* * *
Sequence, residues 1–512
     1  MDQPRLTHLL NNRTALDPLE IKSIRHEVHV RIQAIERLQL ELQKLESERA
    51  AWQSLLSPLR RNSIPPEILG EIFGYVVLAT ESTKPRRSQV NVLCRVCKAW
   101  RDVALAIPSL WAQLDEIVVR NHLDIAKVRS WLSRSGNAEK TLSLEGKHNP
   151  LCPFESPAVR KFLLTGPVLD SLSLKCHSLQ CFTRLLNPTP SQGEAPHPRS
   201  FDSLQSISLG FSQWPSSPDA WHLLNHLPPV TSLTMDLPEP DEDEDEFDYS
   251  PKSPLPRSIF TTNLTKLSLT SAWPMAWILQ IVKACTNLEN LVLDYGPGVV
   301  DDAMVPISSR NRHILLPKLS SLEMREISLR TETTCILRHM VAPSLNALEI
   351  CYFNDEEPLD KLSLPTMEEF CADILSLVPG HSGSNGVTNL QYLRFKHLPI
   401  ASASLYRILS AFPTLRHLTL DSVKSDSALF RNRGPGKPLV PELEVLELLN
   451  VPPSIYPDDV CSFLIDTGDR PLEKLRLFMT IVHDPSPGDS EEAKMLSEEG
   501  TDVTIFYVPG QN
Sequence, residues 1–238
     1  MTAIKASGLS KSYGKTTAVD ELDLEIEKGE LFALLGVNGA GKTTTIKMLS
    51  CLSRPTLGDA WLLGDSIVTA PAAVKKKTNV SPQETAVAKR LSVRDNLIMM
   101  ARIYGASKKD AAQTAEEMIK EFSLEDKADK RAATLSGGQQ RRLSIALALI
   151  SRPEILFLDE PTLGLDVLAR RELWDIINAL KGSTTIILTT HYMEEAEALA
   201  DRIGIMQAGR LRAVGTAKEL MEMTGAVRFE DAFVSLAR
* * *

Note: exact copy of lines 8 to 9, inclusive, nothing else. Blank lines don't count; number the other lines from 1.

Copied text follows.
   301  DDAMVPISSR NRHILLPKLS SLEMREISLR TETTCILRHM VAPSLNALEI
   351  CYFNDEEPLD KLSLPTMEEF CADILSLVPG HSGSNGVTNL QYLRFKHLPI